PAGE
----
Hopefully, you understand how important it is to have a comprehensive estate plan in place as well as what that plan can do for you when it is working properly. Taking the time to create a well-thought-out estate plan, however, is only the first step toward protecting everyone and everything that matter to you. You must also keep that plan up to date for it to work as intended. For example, the Bowie estate planning attorneys at Sinclair Prosser Gasior remind you to check if all your beneficiary designations are up to date.
The Importance of Updating Your Estate Plan
As you undoubtedly know, your estate plan has the power to protect your hard-earned assets as well as help those assets grow over the course of your lifetime. That same plan, if structured carefully, can also protect your loved ones in the event of your incapacity as well as ensure that your wishes will be honored if you are unable to express them as a result of your own incapacity. While it is certainly crucial to create an initial estate plan that is well thought out and comprehensive in nature, estate planning is not something you ever really finish. No matter how well thought out and thorough that initial plan is, it will still need to be updated at some point down the road.
Beneficiaries in Your Estate Plan
For many people, one of the primary motivations for creating an estate plan is to ensure that estate assets are distributed pursuant to their wishes after they are gone. If that describes one of your motivating factors, you likely have several different areas within your estate plan where beneficiaries can be found. Beneficiaries are commonly found in:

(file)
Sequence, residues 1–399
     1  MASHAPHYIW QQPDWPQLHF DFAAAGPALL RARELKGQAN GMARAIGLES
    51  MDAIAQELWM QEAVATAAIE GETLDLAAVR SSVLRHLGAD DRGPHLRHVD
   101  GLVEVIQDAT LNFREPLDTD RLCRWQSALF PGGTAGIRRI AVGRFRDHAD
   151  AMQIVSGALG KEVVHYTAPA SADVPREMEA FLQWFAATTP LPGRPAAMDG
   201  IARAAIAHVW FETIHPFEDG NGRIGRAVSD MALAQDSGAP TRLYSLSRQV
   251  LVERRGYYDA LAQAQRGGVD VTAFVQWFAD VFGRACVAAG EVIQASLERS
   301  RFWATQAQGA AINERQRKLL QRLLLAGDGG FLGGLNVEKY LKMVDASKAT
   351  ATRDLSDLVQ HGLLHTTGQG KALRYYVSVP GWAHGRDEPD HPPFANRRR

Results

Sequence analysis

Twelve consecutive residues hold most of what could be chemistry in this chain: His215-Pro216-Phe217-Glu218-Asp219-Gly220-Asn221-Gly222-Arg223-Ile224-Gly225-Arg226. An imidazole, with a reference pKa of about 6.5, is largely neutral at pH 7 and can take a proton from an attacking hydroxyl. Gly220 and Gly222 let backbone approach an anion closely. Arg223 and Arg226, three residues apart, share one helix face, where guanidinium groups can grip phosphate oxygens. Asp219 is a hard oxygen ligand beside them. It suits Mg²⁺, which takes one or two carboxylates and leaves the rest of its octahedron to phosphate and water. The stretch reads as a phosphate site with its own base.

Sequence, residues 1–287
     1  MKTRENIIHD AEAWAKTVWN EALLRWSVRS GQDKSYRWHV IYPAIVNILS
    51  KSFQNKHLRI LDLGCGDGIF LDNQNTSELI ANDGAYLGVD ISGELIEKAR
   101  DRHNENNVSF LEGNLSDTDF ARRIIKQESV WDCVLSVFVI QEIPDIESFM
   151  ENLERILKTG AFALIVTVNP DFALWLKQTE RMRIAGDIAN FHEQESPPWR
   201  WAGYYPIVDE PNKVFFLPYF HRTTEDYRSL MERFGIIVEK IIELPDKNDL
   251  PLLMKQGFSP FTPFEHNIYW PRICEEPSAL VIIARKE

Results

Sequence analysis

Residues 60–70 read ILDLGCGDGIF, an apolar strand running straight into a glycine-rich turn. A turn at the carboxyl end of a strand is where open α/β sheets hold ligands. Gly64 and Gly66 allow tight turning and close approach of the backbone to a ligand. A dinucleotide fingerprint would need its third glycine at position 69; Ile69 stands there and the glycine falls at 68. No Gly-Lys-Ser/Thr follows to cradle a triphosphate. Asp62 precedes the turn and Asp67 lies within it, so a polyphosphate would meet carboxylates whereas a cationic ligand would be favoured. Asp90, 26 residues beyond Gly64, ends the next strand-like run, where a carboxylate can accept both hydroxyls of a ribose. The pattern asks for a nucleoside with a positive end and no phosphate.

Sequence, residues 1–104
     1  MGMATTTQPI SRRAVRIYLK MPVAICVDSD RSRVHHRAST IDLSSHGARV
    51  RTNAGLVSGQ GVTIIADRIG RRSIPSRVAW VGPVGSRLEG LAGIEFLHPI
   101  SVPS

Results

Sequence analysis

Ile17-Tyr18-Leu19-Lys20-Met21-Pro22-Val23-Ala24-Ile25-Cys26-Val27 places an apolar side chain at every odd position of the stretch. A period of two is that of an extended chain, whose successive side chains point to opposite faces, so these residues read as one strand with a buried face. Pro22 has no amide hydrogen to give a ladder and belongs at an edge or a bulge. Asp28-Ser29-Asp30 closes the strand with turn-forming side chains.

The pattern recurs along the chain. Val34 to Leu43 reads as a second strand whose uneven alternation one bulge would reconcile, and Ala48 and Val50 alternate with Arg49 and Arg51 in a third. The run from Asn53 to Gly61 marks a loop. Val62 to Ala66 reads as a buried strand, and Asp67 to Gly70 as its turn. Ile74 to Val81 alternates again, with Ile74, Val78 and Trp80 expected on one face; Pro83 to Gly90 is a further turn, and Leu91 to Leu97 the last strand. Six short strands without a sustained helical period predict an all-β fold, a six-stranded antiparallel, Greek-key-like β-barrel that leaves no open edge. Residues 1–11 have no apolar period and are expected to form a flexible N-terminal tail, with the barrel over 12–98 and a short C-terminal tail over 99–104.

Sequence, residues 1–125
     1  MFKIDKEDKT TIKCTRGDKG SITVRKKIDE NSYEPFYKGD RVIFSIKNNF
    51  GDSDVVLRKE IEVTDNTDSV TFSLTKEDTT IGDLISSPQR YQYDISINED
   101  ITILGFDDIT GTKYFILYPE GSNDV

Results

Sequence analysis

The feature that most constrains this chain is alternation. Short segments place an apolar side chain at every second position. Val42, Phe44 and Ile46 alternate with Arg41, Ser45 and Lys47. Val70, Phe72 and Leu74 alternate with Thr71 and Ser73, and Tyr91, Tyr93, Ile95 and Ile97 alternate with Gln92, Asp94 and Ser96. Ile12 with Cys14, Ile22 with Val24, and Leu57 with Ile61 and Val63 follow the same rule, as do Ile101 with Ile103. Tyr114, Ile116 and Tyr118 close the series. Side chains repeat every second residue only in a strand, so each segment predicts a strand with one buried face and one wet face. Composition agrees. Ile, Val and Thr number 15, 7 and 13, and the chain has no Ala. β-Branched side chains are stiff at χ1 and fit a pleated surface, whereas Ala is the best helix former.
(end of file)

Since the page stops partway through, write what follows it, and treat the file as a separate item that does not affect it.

- Last Will and Testament
- Trust agreement
- 401(k) or IRA
- Life insurance policy
- Financial accounts
- Investment accounts
When Should You Update Beneficiaries?
Your entire estate plan should be reviewed and revised, if necessary, on a routine basis throughout your life. Although there is no universally accepted time frame, most estate planning attorneys suggest that you routinely review your estate plan every three to five years until around age 50 and then every five to ten years thereafter. Most of your major life changes will occur before you turn 50 which is why you need to review your plan more often when you are younger. When you conduct a routine review of your estate plan, make sure you pay attention to your beneficiary designations to keep them up to date. Whether during a routine review or outside of a routine review, some of the most common reasons you might realize you need to make changes to your beneficiary designations include:
- Birth of a beneficiary – many estate planning documents will account for future beneficiaries with generic, inclusive language. Nevertheless, it is always better to use a beneficiary’s actual name once born to alleviate the possibility of confusion.
- Death of a beneficiary – by the same token, a well drafted plan will include successor beneficiaries in the event a beneficiary dies, or otherwise cannot accept a gift; however, if you are aware of the death of a beneficiary it is always best to update your designations to make the successor the primary beneficiary and to name a new successor.
- Marriage – your own marriage may prompt you to add If an adult child gets married, however, you might add, or remove, a beneficiary, depending on how you feel about your new son or daughter-in-law.
- Divorce – if it is your own divorce, you want to update your beneficiaries as soon as possible to ensure that your now ex-spouse doesn’t inherit your entire estate.
- Beneficiary reaching the age of majority – because a minor child cannot inherit directly from your estate, you may have a trust in place to protect your child’s inheritance. If your child has reached the age of majority, however, it is now possible to add your child in as a beneficiary throughout your estate plan.
- New accounts/policy/document – a surprising number of people simply forget to name beneficiaries on retirement, investment, and financial accounts. This can cause the asset held in the account to be held up in probate instead of going straight to loved ones in the event of your death.
Contact Bowie Estate Planning Attorneys
For more information, please join us for an upcoming FREE Webinar. If you have additional questions or concerns about your beneficiary designations, contact the experienced Bowie estate planning attorneys at Sinclair Prosser Gasior by calling (410) 573-4818 to schedule an appointment.
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